Then there are the “agents” who charge big reading fees (making their money from writers’ fees rather than from selling writers’ work, which is what legitimate agents do) or have an editing service that they push writers to use to make them “representable” (making their money from writers’ editing fees rather than selling writers’ work). Sometimes the bad agents work with bad publishers with both of them taking a hefty bite out of the hopeful writer. It can be a cruel world out there, and writers need to wise up pretty fast.
One of the best ways to do that wising up, of course, is to join a strong, active professional writers’ organization, such as Sisters in Crime or Mystery Writers of America. For example, if you’re a member of either group, you’ll find that the published members are very good about answering reasonable questions. Another way to wise up is to learn all you can about the business of publishing. Because that’s the business you’re in from the time you start submitting your first manuscript. You need to learn how to behave professionally in that industry and what to expect in return. I wrote a blog post last year about all that HERE.
One of the resources mentioned in that post is Writer Beware, a service provided by SFWA and recommended by all the other national writers’ organizations. The folks at Writer Beware take email queries about agents and publishers and investigate problems with them. They warn writers about verifiable bad actors and con artists and provide lists of the worst publishers and agents. So, in closing, I’ll give you that link HERE and recommend, no, beg, you to check with Writer Beware before you sign any contracts with agents or publishers. Save yourself some heartache and humiliation, not to mention thousands and thousands of dollars. There are plenty of good agents and traditional publishers out there, and if you can’t or don’t want to go that way, you can always self-publish with good professional help for much less than these snakes will cost you. I’d love it if my friend were the last writer to be abused in this way. Let’s make it so.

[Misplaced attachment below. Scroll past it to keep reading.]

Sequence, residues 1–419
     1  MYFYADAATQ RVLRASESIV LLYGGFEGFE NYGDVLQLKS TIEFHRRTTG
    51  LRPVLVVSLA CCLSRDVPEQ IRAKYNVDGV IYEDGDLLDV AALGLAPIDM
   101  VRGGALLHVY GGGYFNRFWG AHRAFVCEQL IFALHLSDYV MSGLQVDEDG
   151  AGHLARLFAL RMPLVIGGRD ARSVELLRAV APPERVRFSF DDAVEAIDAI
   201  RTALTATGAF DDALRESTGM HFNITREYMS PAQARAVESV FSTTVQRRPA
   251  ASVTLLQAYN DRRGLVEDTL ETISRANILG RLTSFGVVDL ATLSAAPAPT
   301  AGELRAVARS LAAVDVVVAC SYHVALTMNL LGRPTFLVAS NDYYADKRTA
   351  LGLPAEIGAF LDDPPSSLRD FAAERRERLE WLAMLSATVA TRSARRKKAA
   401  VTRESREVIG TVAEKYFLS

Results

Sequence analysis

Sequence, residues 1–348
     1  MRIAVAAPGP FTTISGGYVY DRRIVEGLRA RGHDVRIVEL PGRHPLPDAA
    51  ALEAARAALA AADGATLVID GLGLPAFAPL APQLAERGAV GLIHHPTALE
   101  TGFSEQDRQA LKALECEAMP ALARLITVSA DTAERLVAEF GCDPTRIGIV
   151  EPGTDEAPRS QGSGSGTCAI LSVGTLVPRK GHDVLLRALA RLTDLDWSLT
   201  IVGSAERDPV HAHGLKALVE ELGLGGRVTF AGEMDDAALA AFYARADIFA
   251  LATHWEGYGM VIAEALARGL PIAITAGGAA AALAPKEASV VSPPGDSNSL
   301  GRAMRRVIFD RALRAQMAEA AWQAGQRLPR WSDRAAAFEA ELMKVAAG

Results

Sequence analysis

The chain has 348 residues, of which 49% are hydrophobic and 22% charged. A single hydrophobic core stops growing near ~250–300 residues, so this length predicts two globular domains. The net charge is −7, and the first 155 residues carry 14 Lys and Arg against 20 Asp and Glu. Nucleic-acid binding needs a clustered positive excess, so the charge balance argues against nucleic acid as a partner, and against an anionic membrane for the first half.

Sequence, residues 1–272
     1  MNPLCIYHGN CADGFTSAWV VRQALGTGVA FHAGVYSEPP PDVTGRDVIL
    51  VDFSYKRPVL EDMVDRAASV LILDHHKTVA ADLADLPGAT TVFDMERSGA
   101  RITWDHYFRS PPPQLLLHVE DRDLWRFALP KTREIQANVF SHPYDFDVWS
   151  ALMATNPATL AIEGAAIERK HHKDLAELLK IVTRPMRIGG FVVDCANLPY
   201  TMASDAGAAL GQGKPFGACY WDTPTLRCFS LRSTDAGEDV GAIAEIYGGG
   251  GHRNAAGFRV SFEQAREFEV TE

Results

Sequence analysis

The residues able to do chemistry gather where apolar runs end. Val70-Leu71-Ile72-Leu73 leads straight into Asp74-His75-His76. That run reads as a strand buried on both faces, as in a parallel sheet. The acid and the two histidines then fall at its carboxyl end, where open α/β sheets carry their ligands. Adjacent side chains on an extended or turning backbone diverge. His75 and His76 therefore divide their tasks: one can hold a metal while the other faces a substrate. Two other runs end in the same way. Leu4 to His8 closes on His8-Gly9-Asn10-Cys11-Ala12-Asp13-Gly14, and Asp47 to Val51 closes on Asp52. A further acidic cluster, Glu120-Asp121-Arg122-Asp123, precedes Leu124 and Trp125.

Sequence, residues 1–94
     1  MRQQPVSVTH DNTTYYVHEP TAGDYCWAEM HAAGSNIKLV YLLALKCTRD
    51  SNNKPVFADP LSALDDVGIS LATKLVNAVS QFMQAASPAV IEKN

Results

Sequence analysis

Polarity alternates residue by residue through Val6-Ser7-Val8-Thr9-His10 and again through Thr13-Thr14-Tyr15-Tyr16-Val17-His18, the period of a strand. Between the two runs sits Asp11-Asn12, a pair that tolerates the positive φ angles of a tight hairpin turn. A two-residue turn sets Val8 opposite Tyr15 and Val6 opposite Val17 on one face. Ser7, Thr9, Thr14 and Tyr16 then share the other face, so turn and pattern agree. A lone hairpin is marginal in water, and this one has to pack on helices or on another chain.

Writers are so desperate to get published it's easy for predators to take advantage of them. I'm sorry for your friend. Has she joined writers' groups that could provide her with the knowledge to arm herself?
There are so many sharks out there ready to rip-off new writers. Sorry she had to find out the hard way. Beware of flatterers!
Linda, I am so sorry this happened to your friend. Thank you for sharing her story and this information.